JACKSON — When other children might be getting on a school bus 7-year-old Rory Loudenslager and her 5-year-old sister, Heika, are on a playground alongside their 2-year-old brother, Cyrus.
They’re playing with magnetic letters. Soon they’ll turn to a math lesson: Rory will work through fractions while Heika works on counting.
They’re not skipping school. They’re redefining it.
Woven into the fabric of the valley’s one public school district and handful of private schools, a few dozen families choose home schooling. They’re a small but mighty bunch, striking out in what can feel like isolation and putting in the extra work because they say it pays off.
The 2016 National Household Education Survey found the highest percentage of parents who home-school their kids — 80 percent — named a concern with school environments as an important reason for home schooling. Thirty-four percent billed environment, which included things like school safety, exposure to drugs and peer pressure, as their “most important concern.” Dissatisfaction with academic instruction topped the list for 17 percent of parents, and 16 percent reported a desire to provide religious instruction.
Teton families are just as varied in reasons for teaching their children at home, though they do share some commonalities: They enjoy the flexibility and the ability to individualize their children’s education, and they see things in the public school system that don’t fit their kids.
Every year, though, parents reassess the decision.
“When you make the choice to home-school it’s not a one-time choice,” mother Primm Loudenslager said. “It’s month to month, semester to semester, year to year.”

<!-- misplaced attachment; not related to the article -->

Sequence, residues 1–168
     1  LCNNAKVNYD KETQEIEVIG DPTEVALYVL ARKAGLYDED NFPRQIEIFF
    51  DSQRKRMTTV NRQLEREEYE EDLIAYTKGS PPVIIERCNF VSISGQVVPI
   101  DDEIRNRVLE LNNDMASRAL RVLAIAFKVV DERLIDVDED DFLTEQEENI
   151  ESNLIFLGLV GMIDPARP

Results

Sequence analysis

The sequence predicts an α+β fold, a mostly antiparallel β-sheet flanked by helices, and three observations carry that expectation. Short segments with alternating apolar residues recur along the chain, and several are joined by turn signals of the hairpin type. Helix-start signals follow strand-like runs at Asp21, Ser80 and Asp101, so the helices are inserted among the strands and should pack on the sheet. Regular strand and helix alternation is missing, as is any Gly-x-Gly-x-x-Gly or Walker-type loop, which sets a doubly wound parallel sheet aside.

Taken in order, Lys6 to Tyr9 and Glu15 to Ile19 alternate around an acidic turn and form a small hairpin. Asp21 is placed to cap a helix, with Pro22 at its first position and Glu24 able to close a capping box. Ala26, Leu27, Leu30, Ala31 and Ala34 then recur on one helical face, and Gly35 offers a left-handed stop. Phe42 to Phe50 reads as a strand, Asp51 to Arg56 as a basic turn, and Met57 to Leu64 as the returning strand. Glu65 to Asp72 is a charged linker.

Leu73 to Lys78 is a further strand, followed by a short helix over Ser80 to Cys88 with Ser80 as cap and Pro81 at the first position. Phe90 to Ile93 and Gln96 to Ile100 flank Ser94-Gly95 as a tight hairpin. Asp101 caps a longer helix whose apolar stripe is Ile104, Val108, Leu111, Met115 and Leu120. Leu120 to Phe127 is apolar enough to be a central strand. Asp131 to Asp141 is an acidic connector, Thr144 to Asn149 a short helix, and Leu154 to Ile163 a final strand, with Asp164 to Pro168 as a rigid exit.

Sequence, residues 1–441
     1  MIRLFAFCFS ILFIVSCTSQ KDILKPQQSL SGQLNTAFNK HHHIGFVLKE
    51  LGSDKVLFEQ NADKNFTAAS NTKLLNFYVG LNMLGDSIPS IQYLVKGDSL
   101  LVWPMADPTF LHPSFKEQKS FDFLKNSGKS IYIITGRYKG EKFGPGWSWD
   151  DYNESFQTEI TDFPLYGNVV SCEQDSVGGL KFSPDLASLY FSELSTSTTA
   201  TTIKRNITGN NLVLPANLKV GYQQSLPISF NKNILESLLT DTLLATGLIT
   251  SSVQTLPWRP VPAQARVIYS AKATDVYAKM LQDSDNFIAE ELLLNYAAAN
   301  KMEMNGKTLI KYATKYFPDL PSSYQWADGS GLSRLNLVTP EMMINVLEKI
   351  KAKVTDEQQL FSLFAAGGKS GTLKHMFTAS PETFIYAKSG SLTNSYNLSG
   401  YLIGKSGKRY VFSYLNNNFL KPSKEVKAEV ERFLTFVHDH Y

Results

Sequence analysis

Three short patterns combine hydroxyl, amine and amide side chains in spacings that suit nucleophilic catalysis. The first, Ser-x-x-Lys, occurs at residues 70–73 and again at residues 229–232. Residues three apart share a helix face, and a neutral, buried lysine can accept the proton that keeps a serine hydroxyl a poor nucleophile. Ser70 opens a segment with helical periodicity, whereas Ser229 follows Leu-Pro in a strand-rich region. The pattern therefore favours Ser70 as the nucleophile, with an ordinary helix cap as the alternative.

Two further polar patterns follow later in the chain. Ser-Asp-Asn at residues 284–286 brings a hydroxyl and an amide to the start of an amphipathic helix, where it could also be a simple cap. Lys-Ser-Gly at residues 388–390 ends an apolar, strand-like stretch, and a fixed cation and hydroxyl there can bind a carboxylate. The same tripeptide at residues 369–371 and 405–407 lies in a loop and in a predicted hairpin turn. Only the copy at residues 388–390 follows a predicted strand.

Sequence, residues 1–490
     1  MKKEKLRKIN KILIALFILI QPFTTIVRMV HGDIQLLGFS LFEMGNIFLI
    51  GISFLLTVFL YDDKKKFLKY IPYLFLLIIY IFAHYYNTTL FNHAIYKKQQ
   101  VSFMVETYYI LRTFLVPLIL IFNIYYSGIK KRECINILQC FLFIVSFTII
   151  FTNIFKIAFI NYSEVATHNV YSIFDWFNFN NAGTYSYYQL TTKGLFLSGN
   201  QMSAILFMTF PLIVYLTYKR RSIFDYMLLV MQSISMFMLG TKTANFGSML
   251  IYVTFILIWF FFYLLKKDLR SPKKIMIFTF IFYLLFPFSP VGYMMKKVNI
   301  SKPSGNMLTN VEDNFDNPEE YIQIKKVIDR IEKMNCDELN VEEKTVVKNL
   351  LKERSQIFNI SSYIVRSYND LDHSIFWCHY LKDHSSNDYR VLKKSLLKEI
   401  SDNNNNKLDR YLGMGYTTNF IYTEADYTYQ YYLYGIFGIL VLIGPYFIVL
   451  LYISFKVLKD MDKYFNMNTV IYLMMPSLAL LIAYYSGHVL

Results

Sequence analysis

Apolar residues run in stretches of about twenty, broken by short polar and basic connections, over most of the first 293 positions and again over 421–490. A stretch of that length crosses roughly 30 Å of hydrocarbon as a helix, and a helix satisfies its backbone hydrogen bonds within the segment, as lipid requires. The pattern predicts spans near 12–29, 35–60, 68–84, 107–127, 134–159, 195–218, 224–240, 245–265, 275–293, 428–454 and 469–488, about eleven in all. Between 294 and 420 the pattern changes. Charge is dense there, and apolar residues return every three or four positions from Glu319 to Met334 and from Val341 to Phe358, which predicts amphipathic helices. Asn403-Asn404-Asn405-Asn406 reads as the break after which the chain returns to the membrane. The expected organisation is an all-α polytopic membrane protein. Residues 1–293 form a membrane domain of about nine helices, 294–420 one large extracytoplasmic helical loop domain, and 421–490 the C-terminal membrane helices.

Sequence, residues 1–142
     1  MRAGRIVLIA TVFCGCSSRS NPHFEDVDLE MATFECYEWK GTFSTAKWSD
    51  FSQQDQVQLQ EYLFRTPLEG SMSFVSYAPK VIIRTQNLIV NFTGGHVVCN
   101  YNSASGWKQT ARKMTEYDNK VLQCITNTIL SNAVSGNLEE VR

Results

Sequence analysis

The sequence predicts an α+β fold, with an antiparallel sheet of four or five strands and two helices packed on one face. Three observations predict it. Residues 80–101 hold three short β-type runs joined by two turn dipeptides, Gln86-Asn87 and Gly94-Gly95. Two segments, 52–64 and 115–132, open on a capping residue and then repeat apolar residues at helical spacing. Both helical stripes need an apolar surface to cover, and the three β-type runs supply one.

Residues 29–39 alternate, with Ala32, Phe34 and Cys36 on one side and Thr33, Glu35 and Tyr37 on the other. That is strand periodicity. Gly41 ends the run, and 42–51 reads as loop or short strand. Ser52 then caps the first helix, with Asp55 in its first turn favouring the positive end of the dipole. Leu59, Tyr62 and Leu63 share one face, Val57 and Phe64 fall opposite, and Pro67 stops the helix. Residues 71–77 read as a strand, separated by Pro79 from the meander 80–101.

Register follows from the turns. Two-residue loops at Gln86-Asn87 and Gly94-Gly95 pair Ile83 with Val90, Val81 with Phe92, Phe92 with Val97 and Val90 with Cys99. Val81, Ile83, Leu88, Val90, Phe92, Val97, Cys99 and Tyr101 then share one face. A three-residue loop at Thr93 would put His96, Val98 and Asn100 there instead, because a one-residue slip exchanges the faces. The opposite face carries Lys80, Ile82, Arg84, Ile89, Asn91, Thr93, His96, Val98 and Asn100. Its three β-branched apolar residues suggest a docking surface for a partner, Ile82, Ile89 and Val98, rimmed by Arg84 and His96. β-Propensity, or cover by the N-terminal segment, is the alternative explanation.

Home schooling comes with sacrifices, the most obvious being that one parent must stay home to educate. In every family interviewed for this story that parent was the mother.
“I’m a teacher’s assistant,” father Christopher Van Slyke said. “But my wife, she’s the master teacher.”
“I’m viewing it as a job,” Klair Van Slyke said. “It is my job.”
Laws, regulations vary by state
While home-schoolers are certainly in the minority, there are more than one might think. The 2016 National Household Education Survey found 1.69 million studentswere home-schooled, about 3.3 percent of all school-age children in the country. Of those, 60 percent are part of a family with three or more kids, 78 percent are white and 89 percent are from a two-parent family, according to U.S. Census data.
Locally, the precise number of home-schoolers is unclear.
This fall Teton County School District No. 1 reported 22 home-schooled students, a data point that is calculated annually in the spring. With 7 being Wyoming’s compulsory school attendance age, families home-schooling kindergarten-age children aren’t included in that number.
Functions for home-school families have drawn more students than the official tally, suggesting more families are home-schooling than the district has in its system. Last year’s field day, for example, drew upwards of 50 students, and it was noted that there were more who couldn’t make the event.
In Wyoming school districts are required to report the number of home-schooled students in the county — but official state data beyond that metric is limited. Districts don’t monitor or report educational records or even names. Districts are required to advertise that staff can review home-schooling curriculum, but it’s the family’s responsibility to make such a request.
Per state law, families submit curriculum showing “sequentially progressive” instruction to the school district’s board of trustees annually. The year’s syllabus must address required subjects: reading, writing, math, civics, history, literature and science. Guardians can also home-school children under the guidance of a school “under the auspices or control of a local church, denomination or similar religious organization,” according to the Home School Legal Defense Association.
Neighboring states take a different approach when it comes to monitoring home schooling. Idaho requires no notice, and parents don’t need to initiate any contact, whereas Colorado requires parents to submit notification and test scores and/or a professional evaluation of student progress.